Rolling Stone compensates

Magazine pays $3 million following rape story trial

UVA's Phi Kappa Psi house, where the alleged rape occurred.

ARCH.UVA.EDU

UVA's Phi Kappa Psi house, where the alleged rape occurred.

Binqi Chen, Editorials Editor

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It has been exactly two years since the story of the still unknown “Jackie” shocked the entire nation and ignited new debate about sexual assault and rape on college campuses. It has also been over a year since Jackie’s story has been largely discredited and retracted.

Millions have read the infamous 9,000 word “A Rape on Campus” story published by Rolling Stone in November 2014.

In the article, a student named Jackie said that she was gang raped by seven men at the University of Virginia’s Phi Kappa Psi fraternity house as part of a hazing ritual for pledged members. She allegedly met and went on a date with a fellow student named “Drew” before he took her to the fraternity house and raped her.

People were disgusted by the assault and the lack of action taken by UVA. On campus, all Greek activity was stopped. Within a month of publication, the discrepancies began to unravel. 

There was no party at the Phi Kappa Psi house during the weekend in question, Jackie’s friends were not contacted for their accounts and that it was a possibility that Drew never existed.

Rolling stone retracted the article after Columbia University released an analysis of the the errors with the reporting and writing of the story. 

Other victims of sexual assault and rape will now be hesitant to come forward with their own accounts of incidents.

More than 11.2 percent of all college students have been raped or sexually assaulted. In the United States, one of out every six women has experienced an attempted or completed sexual assault in her lifetime. That is incredibly scary.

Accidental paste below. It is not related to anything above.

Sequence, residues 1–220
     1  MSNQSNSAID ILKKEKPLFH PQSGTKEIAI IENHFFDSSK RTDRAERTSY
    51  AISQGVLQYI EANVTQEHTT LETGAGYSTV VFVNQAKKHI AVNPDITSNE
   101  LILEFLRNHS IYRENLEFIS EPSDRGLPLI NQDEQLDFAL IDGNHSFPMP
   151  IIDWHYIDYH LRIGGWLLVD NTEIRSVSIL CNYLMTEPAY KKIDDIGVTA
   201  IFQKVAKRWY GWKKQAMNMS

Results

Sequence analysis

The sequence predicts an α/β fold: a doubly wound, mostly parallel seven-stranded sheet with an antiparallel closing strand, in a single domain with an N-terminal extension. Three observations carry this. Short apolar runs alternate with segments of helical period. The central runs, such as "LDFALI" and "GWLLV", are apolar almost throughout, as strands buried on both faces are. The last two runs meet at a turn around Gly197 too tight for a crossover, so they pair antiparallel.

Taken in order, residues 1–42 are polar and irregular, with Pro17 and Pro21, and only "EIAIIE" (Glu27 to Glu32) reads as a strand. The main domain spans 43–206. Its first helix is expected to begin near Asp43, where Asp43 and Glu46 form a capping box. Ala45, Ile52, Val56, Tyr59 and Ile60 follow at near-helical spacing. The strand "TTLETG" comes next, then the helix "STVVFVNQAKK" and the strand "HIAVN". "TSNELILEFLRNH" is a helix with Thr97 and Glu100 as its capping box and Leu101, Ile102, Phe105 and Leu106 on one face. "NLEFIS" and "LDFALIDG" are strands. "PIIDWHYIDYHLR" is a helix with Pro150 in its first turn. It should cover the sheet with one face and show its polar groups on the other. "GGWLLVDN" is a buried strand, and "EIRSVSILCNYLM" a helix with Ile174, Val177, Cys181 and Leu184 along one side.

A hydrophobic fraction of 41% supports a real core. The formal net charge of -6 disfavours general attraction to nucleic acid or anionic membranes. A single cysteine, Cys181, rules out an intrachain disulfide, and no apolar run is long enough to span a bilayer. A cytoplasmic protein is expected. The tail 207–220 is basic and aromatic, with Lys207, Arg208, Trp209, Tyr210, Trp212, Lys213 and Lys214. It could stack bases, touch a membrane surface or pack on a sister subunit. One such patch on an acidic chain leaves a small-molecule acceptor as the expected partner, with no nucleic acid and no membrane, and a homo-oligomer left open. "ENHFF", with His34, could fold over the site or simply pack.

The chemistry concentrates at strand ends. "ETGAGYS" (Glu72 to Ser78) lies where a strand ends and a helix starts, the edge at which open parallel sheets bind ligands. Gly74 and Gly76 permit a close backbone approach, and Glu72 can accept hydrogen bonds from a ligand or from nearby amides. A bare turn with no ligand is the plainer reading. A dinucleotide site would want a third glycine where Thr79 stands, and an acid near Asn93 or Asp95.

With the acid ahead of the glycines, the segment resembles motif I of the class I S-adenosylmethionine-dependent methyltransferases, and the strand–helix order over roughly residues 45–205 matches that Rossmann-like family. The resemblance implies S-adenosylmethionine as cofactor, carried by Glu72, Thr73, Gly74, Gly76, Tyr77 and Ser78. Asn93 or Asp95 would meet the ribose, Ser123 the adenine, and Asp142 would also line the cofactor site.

Nicole Eramo, UVA’s former dean that worked with sexual assuault cases, sued Rolling Stone for $7.5 million (only compensated for $3 million). The jury has decided that the magazine did indeed intend malice in their protrayal of Eramo in their article. 

The jury was right in deciding against Rolling Stone. The article made Eramo seem as if she did not care for the victims of sexual assualt and that she did not help Jackie at all. 

Jackie herself has even written a letter to Eramo the day following the publication of the article to thank Eramo for her support through her recovery. 

The fraternity has sued against Rolling Stone for $25 million. Phi Kappa Psi suffered damage from the article. The fraternity’s members and their family were in danger and stressed. The entire existence of the 150 year chapter was in jeopardy.

The house was vandalized and many alumni of the fraternity removed affliation with Phi Kappa Psi from their resumes. 

Even to this day, many people who have not been keeping up with the case will continue to judge the fraternity. 

Phi Kappa Psi had a strong and validate argument for their case. The fraternity’s other chapters were all affected negatively by the article. 

The article caused the group permanent damage and the least Rolling Stone can do is provide compensation. 

Rolling Stone is a highly successful publication, making over $100 million in 2013 solely on advertisement revenue. 

By compensating, Rolling Stone will be saving its repution and also promote accurate journalism. This case is set to be trialed next year.

The effects of inaccurate reporting can be detrimental. Too many times are victims blamed, harassed and ignored for simply telling their story. We must all stand together to prevent sexual assault, on and off the campus.

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